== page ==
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One weakness, however, is that large screens require higher quality display than smaller screens, which is why I personally find entry-level digitals inadequate. However, then with the high-end CRT and digital projectors that are adequate for supporting larger screen sizes (more technically not absolute screen size, but rather viewing angle) comes the need for higher quality sources as well. DVD becomes inadequate, and the desire for quality HD sources become greater. Sometimes HD is even inadequate in quality/mastering for supporting such large viewing angles.
 

Sheldon-m

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STEVE I USE MINE FOR ALL SPORTING EVENTS. YOU CAN'T BEAT AN 8' SCREEN. ONCE YOU GO FP YOU WILL NEVER LOOK BACK. THE FUNNY THING IS WHEN I PLAY THE PIXAR MOVIES ON MY X1 ALL THE KIDS SIT STILL THRU A WHOLE MOVIE. IT DOSEN'T WORK WITH MY TOSHI 57". LOOK IN TO IT. YOU TRY ONE AT BB. IF YOU DON'T LIKE IT YOU CAN TAKE IT BACK. NO ?? ASKED. :emoji_thumbsup:
 

DaveGTP

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I wouldn't recommend FP for day-to-day watching. It washes out too badly in the daylight, unless you are willing to entirely darken the viewing room. Plus, normal TV blown up that big tends to look VERY subpar.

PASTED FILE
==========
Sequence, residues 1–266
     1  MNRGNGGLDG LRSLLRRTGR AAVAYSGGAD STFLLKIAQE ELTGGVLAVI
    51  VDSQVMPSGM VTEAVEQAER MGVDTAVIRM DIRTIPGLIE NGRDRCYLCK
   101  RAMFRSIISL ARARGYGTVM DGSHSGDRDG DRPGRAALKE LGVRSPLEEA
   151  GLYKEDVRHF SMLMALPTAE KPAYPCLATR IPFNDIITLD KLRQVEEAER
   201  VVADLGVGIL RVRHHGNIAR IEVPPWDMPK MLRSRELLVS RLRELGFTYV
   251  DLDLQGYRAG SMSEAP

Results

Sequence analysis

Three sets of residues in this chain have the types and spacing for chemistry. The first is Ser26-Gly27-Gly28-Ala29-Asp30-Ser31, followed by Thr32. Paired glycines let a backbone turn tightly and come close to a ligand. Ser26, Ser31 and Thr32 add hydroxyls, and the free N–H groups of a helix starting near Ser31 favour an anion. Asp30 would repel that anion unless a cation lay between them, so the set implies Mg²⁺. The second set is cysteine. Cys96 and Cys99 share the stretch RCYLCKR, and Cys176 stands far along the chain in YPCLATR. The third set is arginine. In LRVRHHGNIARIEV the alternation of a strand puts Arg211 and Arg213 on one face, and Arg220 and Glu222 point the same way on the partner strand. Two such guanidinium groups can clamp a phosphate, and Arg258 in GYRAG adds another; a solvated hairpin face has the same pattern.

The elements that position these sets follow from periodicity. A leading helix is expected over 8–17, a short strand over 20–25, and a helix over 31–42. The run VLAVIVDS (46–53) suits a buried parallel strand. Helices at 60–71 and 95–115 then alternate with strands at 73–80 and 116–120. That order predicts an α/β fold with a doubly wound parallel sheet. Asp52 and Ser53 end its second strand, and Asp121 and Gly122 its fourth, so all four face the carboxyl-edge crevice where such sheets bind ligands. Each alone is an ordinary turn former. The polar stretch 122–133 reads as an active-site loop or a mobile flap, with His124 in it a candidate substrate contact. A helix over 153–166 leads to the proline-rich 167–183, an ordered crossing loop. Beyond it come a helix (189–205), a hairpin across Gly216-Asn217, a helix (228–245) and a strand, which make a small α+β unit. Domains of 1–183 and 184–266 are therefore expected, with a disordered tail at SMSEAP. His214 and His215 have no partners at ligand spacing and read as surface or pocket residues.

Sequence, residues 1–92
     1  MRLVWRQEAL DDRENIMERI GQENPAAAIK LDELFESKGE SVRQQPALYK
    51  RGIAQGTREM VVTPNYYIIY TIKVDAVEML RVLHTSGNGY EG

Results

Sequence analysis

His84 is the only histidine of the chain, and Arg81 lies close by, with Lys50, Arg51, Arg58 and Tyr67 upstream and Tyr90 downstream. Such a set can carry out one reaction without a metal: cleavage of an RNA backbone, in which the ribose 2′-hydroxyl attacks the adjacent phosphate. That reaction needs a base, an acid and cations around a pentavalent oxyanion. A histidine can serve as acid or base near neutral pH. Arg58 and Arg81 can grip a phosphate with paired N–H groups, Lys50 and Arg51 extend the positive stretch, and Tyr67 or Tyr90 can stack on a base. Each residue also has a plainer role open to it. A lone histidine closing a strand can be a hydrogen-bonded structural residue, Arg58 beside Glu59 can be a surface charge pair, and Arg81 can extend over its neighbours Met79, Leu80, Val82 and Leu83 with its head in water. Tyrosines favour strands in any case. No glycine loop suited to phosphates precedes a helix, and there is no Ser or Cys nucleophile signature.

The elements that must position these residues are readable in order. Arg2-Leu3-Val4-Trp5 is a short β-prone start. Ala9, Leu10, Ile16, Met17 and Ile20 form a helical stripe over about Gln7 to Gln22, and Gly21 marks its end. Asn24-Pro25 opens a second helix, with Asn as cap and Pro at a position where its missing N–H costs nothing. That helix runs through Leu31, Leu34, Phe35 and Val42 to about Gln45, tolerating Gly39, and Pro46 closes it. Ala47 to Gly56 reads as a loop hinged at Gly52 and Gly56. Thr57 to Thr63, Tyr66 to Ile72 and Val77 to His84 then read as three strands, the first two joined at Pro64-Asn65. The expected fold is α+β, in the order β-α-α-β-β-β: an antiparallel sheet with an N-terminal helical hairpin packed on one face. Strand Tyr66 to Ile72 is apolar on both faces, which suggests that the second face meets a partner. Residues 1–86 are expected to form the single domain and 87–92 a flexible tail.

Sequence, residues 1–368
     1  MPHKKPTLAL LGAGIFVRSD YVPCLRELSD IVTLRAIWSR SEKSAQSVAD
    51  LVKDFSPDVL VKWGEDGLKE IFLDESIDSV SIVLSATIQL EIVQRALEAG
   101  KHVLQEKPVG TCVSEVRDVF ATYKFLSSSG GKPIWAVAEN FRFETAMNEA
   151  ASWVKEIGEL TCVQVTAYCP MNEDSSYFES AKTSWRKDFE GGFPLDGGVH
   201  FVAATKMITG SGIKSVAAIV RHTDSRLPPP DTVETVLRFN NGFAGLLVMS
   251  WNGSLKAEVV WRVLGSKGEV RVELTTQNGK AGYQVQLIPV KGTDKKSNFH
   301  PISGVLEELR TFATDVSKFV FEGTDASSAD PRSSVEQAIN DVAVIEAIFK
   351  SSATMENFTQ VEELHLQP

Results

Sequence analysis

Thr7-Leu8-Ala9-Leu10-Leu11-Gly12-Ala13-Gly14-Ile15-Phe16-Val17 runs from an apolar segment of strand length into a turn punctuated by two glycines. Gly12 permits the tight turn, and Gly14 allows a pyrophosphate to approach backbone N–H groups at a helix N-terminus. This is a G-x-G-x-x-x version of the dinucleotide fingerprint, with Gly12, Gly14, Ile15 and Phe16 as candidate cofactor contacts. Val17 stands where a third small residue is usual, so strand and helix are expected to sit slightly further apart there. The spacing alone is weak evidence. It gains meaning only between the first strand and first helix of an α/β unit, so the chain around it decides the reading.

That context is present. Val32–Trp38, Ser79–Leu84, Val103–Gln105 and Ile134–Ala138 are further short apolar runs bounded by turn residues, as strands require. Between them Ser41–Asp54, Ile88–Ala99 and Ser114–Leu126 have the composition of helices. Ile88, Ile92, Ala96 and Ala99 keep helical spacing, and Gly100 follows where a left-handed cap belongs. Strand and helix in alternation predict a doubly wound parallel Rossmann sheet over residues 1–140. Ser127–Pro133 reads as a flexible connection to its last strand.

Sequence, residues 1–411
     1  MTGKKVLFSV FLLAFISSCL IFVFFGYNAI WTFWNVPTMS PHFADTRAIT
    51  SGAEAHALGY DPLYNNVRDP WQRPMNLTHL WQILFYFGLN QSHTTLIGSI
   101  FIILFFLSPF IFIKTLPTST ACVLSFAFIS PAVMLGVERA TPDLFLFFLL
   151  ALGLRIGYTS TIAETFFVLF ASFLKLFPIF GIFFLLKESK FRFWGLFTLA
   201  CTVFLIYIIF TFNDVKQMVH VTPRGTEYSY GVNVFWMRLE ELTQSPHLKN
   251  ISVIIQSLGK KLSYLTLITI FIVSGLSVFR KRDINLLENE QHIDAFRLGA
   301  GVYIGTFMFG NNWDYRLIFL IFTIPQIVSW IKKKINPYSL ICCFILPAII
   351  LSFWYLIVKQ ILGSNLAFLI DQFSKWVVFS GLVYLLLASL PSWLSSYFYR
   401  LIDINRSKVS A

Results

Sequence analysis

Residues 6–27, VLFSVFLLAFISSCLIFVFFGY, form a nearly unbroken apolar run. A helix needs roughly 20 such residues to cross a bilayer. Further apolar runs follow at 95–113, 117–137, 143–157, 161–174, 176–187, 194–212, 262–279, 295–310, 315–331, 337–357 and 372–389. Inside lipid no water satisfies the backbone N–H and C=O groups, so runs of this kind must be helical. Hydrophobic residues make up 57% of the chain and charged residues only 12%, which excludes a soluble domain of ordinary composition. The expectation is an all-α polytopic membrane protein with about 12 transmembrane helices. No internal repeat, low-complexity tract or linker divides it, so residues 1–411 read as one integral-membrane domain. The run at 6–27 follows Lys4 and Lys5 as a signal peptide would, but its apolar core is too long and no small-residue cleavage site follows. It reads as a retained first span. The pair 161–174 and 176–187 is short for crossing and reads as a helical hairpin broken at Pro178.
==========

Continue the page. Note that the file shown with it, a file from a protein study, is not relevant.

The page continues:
Especially seeing the way I see a lot of people use their TVs - it gets left on all the time, even when no one is watching it.

But a FP setup combined with a standard CRT for daytime viewing is a really good way to go!

Honestly, we don't watch TV at all at home, so it's not really an issue for us. Plus, we work 2nds and 3rds, so we tend to be sleeping through most of the daylight anyway.
 

Steve^S

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Nice welcome to the board. Thanks! Will discuss what I have learned with my son and it give me some things to think about too. With his viewing habits it would seem that a widescreen dlp or rp might be the best first step and then add a fp at a latter date. Light controll will be an issue and he does watch alot of network.
He has looked at the samsung dlp 61" and is also considering a Pioneer Elite rp (don't know what size but larger is better to him).
Really appreciate all the input.
Steve
 
Joined
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FP for HD and DVDs. Rear projection for SD.

And you don't have to worry about "bulbs" being replaced if you buy a decent used CRT FP ;).

Run your CRT FP for DVDs at 720p and a 72hz refresh rate, and it's the closest to a movie theater (but better picture than most) I've seen. Run the HD at 1080i or 720p, depending on the source, and at 60hz, and you get the nice pop of HD.

Use your RPTV for the few SD shows worth watching (through a Tivo or something like it) and, suddenly, YOU are in total charge of what you watch, when you want to watch it.

And life is good :)